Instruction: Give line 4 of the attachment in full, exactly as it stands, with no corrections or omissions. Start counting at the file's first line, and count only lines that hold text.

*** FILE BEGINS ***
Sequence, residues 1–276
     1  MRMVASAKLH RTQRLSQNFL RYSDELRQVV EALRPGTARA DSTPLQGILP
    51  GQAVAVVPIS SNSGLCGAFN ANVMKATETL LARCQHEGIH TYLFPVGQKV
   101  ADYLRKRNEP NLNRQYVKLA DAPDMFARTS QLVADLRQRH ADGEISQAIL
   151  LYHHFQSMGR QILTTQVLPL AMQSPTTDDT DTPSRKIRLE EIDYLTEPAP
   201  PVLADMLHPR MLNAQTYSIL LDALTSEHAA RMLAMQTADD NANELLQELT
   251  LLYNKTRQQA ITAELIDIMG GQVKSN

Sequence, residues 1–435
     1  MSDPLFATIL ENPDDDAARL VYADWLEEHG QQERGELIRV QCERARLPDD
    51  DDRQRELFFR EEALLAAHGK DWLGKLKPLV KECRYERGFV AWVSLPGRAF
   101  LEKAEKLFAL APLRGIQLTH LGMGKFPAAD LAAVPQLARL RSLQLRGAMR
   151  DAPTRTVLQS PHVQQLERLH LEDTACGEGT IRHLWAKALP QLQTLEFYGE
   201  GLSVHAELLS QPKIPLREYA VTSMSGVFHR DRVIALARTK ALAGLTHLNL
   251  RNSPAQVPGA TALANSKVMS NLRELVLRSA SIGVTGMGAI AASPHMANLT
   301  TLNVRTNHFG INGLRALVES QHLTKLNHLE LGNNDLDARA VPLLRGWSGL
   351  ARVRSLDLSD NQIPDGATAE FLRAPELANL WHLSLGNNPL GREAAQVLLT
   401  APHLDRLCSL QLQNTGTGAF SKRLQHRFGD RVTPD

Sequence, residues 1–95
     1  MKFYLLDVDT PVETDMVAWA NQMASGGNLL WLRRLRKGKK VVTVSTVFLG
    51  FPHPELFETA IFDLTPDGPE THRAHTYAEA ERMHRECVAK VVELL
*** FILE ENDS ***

   101  ADYLRKRNEP NLNRQYVKLA DAPDMFARTS QLVADLRQRH ADGEISQAIL